The Grotto of the Redemption in West Bend is literally a gem all Iowans can be proud of. People from around the world make pilgrimages there. Every Iowan ought to see it, too, no matter what your religion, if for no reason than to appreciate the work and vision that went into building it.
Started in 1912, and built almost single-handedly over 42 years by local parish priest Father Dobberstein, the Grotto of the Redemption covers the better part of a city block.
It’s actually nine distinct grottos that depict the fall and redemption of man—all built with gems and semiprecious stones individually set in concrete.
You might say Father Dobberstein left no stone unturned for he gathered them from around the world to create this architectural and spiritual marvel. “If your messages are carved in stone, they are nigh well imperishable,” he once reflected.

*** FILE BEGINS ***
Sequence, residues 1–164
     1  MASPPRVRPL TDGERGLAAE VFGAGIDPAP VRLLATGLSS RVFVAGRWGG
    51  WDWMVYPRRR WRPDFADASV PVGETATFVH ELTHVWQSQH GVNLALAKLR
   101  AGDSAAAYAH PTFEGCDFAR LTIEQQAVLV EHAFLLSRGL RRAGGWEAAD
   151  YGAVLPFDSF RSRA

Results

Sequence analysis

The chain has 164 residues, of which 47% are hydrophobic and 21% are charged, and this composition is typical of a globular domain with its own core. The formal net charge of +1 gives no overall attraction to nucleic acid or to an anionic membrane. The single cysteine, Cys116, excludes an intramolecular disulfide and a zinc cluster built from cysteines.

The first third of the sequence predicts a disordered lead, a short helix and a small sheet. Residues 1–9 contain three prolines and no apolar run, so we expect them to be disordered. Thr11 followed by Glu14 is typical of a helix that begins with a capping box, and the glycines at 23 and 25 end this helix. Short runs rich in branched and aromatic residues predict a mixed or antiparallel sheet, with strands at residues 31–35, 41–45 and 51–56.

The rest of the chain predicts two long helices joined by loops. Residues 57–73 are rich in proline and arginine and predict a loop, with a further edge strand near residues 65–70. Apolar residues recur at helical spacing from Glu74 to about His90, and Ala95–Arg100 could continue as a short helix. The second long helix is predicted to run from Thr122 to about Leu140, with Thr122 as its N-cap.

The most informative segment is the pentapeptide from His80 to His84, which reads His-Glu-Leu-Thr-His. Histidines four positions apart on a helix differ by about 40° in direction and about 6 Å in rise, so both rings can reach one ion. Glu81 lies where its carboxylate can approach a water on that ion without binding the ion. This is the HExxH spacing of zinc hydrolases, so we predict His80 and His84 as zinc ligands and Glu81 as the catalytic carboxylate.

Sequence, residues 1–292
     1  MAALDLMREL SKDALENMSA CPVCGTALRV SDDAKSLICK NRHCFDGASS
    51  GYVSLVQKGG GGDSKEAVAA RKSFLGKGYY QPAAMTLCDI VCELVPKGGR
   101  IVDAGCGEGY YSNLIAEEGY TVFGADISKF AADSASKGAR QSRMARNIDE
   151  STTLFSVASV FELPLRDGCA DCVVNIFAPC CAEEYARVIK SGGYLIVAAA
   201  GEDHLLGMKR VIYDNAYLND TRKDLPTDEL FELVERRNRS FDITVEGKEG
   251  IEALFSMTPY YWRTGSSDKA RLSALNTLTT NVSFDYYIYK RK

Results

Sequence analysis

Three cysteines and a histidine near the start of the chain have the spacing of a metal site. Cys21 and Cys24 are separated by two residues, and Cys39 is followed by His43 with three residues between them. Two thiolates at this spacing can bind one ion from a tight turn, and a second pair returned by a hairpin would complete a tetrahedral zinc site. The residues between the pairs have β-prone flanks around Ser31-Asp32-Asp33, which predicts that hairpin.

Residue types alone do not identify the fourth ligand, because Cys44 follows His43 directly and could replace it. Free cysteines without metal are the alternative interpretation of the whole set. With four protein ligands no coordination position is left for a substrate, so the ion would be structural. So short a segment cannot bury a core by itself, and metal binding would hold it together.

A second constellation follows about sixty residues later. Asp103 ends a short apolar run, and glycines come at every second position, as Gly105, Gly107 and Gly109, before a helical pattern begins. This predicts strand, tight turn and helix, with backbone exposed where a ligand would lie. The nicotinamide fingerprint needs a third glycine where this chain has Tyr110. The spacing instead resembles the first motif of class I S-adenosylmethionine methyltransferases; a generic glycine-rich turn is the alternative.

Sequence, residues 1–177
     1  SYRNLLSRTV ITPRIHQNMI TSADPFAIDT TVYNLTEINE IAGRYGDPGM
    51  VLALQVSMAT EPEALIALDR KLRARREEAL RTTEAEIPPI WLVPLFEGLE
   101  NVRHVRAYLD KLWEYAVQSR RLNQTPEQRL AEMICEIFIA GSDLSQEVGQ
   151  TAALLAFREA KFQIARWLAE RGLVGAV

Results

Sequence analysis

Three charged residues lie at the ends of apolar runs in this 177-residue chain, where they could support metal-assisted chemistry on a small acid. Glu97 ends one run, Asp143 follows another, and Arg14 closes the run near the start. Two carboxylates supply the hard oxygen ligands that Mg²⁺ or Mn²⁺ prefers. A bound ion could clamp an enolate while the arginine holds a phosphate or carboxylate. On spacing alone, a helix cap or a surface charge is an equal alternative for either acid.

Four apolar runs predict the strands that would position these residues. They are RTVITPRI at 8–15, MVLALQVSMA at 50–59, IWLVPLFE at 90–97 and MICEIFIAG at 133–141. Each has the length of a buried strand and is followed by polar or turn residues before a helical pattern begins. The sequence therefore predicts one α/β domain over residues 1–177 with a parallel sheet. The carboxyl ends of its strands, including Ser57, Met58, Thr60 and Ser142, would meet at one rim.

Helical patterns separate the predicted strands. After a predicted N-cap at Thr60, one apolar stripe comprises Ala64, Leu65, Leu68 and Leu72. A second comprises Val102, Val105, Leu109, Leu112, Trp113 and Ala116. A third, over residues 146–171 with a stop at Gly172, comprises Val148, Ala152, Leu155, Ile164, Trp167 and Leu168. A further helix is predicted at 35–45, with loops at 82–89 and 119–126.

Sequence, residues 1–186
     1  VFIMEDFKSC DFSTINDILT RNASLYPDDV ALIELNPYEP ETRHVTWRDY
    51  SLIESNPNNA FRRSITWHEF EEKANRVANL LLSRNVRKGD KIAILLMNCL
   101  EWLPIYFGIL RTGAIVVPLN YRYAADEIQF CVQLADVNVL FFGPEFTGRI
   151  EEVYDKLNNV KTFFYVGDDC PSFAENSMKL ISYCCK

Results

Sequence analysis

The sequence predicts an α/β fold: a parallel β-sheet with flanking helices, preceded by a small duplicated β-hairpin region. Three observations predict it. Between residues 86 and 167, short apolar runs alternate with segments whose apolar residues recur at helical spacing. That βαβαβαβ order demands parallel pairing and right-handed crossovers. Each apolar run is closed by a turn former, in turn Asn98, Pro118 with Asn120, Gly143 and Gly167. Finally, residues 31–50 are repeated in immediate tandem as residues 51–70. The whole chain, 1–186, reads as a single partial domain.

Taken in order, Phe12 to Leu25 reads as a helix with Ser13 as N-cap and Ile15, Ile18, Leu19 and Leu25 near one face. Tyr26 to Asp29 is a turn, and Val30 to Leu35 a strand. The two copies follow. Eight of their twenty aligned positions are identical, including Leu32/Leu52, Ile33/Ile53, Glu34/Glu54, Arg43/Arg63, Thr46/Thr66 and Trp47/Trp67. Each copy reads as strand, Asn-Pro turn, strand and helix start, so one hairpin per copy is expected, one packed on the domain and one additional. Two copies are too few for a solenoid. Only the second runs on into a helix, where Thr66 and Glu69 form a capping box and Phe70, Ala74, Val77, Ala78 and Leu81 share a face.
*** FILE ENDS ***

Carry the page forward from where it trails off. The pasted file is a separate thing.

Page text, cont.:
The Grotto isn’t the only thing to see in West Bend. This peppy town of 800 people has worked hard to make their community a destination where you can spend the better part of the day at the Grotto as well as browsing gift and antique shops along Main Street. Hats off to their community spirit and pride!
There’s even an old-fashioned soda fountain called The Villager, where we had cherry and chocolate Cokes and visited with locals.
This content previously appeared in the popular “Road Trip” series in Our Iowa Magazine. Learn more about the publication at www.OurIowaMagazine.com.